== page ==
DMN: The combine’s hybrid linebackers
QUOTE: “Ideals are like stars; you will not succeed in touching them with your hands. But like the seafaring man on the desert of waters, you choose them as your guides, and following them you will reach your destiny.” -- Carl Schurz
Combine news and notes
INDIANAPOLIS -- Monday was workout day for defensive linemen and linebackers. There’s considerable crossover between the two groups, so many defensive linemen also worked out as linebackers.
Jason Pierre-Paul of South Florida has only started seven games and one year of major college football, yet he looked as impressive as any defensive lineman I’ve watched work out. He’s raw and athletic, and he played hard all season. The lack of experience will hurt him in his rookie season — but in two years, if he keeps working hard, he might be the next DeMarcus Ware.
The hard part of this draft will be sorting out the 3-4 hybrid linebackers, players who really played defensive end in college but need to play outside linebacker in the pros. The team that does the best job in this area will be the one that has the best draft.
One such player, Jason Worilds of Virginia Tech, is very productive and had an impressive workout in Indy. He projects to outside linebacker.
Sergio Kindle of Texas was also really impressive and is another player who’s listed as a defensive end but is more of a linebacker. He played well in the national championship game and had a great career at Texas. His work out was impressive.
Alabama defensive tackle Terrence Cody might have run himself out of the first round. I admire that he ran the 40 here, but his times were not first-round worthy at 5.6 and 5.7. Like Ron Brace of Boston College who ran slowly last year, Cody will have to hope a team is willing to overlook his time -- and some might do that in the second round, but not the first round.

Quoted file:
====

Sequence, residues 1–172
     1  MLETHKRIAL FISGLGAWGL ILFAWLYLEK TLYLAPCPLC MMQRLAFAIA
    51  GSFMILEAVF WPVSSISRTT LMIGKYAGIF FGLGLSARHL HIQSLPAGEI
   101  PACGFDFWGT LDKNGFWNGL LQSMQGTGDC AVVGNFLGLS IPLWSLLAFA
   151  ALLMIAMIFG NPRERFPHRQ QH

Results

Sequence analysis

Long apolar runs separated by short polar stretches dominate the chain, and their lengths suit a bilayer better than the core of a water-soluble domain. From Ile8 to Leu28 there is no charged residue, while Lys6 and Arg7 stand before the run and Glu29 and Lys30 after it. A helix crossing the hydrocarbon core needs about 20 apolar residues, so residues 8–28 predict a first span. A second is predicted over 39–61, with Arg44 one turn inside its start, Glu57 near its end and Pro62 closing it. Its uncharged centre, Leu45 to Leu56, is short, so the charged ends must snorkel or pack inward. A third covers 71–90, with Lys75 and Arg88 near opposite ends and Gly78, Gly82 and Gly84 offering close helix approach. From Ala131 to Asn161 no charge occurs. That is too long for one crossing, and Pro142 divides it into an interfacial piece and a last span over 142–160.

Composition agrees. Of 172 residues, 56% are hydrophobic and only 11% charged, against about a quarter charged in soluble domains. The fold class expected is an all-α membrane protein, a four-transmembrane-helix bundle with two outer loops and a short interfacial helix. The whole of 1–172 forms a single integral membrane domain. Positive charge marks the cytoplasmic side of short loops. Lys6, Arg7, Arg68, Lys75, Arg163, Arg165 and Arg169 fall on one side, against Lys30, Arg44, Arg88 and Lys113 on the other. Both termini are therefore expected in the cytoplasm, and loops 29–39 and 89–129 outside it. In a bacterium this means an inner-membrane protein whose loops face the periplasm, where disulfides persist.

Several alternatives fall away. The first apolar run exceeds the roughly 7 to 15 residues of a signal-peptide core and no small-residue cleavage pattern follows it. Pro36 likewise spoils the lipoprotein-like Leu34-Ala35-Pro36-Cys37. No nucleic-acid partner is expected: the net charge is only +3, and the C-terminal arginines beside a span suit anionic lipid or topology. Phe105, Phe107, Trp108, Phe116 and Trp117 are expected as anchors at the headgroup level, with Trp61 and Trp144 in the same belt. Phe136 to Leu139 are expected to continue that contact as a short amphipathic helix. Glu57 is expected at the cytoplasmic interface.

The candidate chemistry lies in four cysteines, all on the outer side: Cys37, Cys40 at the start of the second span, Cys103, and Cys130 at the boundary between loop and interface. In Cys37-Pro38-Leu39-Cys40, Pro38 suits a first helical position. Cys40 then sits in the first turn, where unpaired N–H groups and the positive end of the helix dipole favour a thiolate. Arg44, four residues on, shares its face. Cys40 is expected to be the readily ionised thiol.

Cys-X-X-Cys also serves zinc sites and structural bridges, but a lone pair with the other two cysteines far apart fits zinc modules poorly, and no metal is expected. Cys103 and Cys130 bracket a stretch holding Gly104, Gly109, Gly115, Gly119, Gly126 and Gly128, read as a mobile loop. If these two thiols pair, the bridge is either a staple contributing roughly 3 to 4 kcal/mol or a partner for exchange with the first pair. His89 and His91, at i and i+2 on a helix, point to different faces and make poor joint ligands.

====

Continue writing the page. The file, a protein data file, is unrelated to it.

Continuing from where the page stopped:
I’m told that Rolando McClain of Alabama was very impressive during the interview process and clearly can handle the leadership role on a team’s defense. He opted not to work out in Indy because he tweaked a hamstring injury, not because he didn’t want to run.
Linebacker Dekoda Watson of Florida State ran well at 240 pounds and was impressive in his drills.
Safety Eric Berry of Tennessee was being honest when he said his coach, Monte Kiffin, told him “there was nothing left for me to prove at Tennessee.” He’s a top-five player, and risking losing that status with the uncertainty of the rookie cap in 2011 made his decision to come out the right one.
Free agent thoughts
Many teams are looking for potential starters at quarterbacks, and for a second-round pick, Bruce Gradkowski of the Raiders might be tempting for some teams to pursue. The question that must be asked is very simple: Is Gradkowski as good as any of the quarterback prospects in the draft?
The Jets tried to get running back Thomas Jones to take a pay cut, but he was unwilling and now will have to take a cut from another team. Jones, who will be 32 in August, still has some gas left in his tank, but not as a starter and not as a full-time back. He’ll need to go to the right team and play in the right role.
No surprise that the Jets let Lito Sheppard go because of the $10-million bonus he was due to receive. Sheppard wanted the Eagles to give him a new deal, but they traded him to the Jets, and the Jets made him have to play well for the deal. His play last season might make it hard for him to get another job right away.
All this Lions trade talk is just talk. The Lions don’t want to trade any of their draft picks for any player, especially one who hasn’t played well for two years. Teams do not trade corners who can play, as evidenced by the Eagles trading Sheppard.
Off to Los Angeles to do NFL Network free-agent shows.
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For a look at possible landing spots for Antrel Rolle, check out this article from Bleacher Report.